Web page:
Friday, November 14, 2008

... but not a drop to drink...

Despite getting in very late last night I managed to drag myself out of bed at an early hour and go food shopping, a task which I've come to dislike. Now, I've heard you should never go food shopping when you're hungry. Well, here's another tip... never do it when you're thirsty.

Since moving to Jersey City (I refuse to call it JC cause when someone said that to me I had no idea what they were talking about so I don't trust everyone else to know) I've realized Jersey doesn't just smell bad... it tastes bad. I mostly say this in reference to the water... mostly. My roommates even have one of those Brita Water Filters and it still tastes like I'm drinking water heavily laced with artificial sweeteners. So, I gave up and bought a giant pack of bottled water. I don't hate bottled water. I just hate buying it to when there's free water at home.

That all aside, I popped into the Asian Food Market down the street from me and was pleasantly surprised to find a store reminiscent of the Chinese Underground Market I use to shop at in Philly. See, after moving I realized the last cooking I had done on my own had required ingredients that I wasn't going to find at most local supermarkets in America. So it's nice to know I can go pick up a bag of Japanese long grain rice, some Golden curry, bamboo and bean sprouts, firm tofu, a Ramune and some daifuku right down the street.

As for the concert, it was a blast. I'll post pictures later after I sort through them all (I was handed the job of photographer for the evening). And despite my mom's concerns, I didn't get mugged... all in all, good evening!

Wednesday, October 22, 2008

I made this! *

* Well, I helped make this along with a bunch of other extremely talented folks, but I couldn't help quoting a favorite television show of mine...

Skool House Rock - Pull My Lever

And if that didn't convince you to go out and do your civic duty here's another one got to work on...

Skool House Rock - You Get A Sticker

Thankfully one of the projects I'm working on now is also based around a song or else I might still have that one stuck in my head.

Monday, October 20, 2008

Going for two...

I was almost tempted to wait till November 1st to post my next rambling entry just so I could keep up with my 'Post-Per-Month' quota, but ye olde Apple Pickin' waits for no one.

I decided to take a break from work and stroll (or in my case drive) on down to the local apple orchard. The closest one to my house, being gas-conscious and all, was Pennings Farm.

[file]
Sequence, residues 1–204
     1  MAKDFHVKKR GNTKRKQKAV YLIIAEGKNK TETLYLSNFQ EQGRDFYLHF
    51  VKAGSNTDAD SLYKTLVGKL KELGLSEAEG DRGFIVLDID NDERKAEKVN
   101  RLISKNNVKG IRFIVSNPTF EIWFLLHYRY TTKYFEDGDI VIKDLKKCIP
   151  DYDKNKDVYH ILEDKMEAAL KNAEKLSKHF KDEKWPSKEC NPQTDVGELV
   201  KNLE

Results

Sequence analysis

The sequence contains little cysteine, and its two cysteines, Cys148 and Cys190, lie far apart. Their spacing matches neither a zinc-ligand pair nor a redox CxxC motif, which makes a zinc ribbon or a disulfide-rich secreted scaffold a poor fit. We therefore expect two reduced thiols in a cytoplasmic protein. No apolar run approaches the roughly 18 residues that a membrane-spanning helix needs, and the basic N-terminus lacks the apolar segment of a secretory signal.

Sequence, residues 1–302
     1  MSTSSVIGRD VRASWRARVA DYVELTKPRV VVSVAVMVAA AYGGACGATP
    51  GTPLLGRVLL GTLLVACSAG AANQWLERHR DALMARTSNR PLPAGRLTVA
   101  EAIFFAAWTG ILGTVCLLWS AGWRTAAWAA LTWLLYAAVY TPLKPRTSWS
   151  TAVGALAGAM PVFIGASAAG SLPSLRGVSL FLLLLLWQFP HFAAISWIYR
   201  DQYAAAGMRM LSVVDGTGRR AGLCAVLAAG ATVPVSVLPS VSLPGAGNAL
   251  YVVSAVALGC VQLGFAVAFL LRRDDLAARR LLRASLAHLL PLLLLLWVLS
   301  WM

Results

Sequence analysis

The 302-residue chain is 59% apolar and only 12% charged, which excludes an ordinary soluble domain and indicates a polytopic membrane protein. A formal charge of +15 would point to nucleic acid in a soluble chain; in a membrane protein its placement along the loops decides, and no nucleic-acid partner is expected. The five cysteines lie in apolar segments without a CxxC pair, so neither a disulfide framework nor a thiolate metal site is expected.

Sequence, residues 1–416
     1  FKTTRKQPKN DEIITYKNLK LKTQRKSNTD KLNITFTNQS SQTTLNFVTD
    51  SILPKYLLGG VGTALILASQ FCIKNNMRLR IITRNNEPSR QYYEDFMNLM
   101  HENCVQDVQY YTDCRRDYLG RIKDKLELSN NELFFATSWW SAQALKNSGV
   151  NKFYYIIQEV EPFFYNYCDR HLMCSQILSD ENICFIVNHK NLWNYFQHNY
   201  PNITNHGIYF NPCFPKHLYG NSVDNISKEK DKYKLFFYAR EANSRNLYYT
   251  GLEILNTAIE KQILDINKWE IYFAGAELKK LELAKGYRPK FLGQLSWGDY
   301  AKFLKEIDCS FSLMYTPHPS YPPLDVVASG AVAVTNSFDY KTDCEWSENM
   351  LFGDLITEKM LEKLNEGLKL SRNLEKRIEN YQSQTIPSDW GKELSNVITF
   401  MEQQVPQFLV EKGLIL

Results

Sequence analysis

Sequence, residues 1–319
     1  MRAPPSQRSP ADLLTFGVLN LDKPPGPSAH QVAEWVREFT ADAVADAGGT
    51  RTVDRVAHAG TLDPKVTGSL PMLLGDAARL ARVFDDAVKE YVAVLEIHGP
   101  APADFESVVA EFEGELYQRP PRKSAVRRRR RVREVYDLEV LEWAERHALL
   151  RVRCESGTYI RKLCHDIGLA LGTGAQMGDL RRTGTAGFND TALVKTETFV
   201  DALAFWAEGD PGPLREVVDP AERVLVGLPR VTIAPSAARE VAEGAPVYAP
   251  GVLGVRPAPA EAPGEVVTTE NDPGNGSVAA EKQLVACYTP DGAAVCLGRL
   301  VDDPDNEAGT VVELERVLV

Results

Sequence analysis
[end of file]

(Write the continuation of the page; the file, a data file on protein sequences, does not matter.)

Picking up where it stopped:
Here you can find everything and anything your imagination can drum up (well, almost everything... although maybe that's what the Petting Zoo is for). I'm better at pictures than blogs so I'll just go ahead and let the photographs lead the way for this entry.

First off...

Pumpkins! Lots...

And lots...

Of 'em. Oh, yeah... and corn stalks.

For all those things you need to do that require... corn stalks. Seriously, who buys these? The more interesting part of the wasted hour between Flash and After Effects work for me was this...

So, long ago the Pennings Orchard was run by... you guessed it! The Pennings family. And they use to live on the premises. About five or six years ago they moved out of the house and boarded it up. Then someone had the brilliant idea to use it during the fall as the orchard's very own Haunted House.

And yes... I have been in it. Many years ago and to be honest... it doesn't look any different (although I don't remember the knights). Unfortunately, it was closed up today, laying in wait for the weekend and the hordes of people that trek out here from NYC and NJ. However, I did venture as far as the front patio... or should I say I was lured there by a cute, fluffy (possibly ghostly) kitten that vanished into thin air as I rounded the corner and came upon this gruesome scene.

Yes... those are Boy Scouts. And yes... they did apparently eat one of their own (probably a counselor).

And yes... they are drinking hard liquor.

And what Haunted House would be complete without a graveyard filled with clever epitaphs? So, back to the Teddy Bear... He, apparently, was one of several creatures that didn't make it to this year's Haunted House. He and his buddies lay strewn out on the table in a more-or-less defunct greenhouse in the back amid the house plants and marigolds.